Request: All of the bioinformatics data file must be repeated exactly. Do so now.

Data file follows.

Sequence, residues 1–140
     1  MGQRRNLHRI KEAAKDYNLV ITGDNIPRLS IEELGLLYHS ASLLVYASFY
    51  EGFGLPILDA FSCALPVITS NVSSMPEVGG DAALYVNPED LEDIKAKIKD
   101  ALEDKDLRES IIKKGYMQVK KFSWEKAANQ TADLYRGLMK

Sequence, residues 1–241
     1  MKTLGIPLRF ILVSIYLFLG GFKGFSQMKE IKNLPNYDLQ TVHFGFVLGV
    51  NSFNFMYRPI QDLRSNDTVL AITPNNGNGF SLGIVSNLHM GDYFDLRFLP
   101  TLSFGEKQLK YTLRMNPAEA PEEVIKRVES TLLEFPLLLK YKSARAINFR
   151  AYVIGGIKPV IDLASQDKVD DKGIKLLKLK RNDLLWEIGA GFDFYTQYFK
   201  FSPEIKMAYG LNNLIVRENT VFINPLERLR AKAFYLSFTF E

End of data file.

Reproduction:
Sequence, residues 1–140
     1  MGQRRNLHRI KEAAKDYNLV ITGDNIPRLS IEELGLLYHS ASLLVYASFY
    51  EGFGLPILDA FSCALPVITS NVSSMPEVGG DAALYVNPED LEDIKAKIKD
   101  ALEDKDLRES IIKKGYMQVK KFSWEKAANQ TADLYRGLMK

Sequence, residues 1–241
     1  MKTLGIPLRF ILVSIYLFLG GFKGFSQMKE IKNLPNYDLQ TVHFGFVLGV
    51  NSFNFMYRPI QDLRSNDTVL AITPNNGNGF SLGIVSNLHM GDYFDLRFLP
   101  TLSFGEKQLK YTLRMNPAEA PEEVIKRVES TLLEFPLLLK YKSARAINFR
   151  AYVIGGIKPV IDLASQDKVD DKGIKLLKLK RNDLLWEIGA GFDFYTQYFK
   201  FSPEIKMAYG LNNLIVRENT VFINPLERLR AKAFYLSFTF E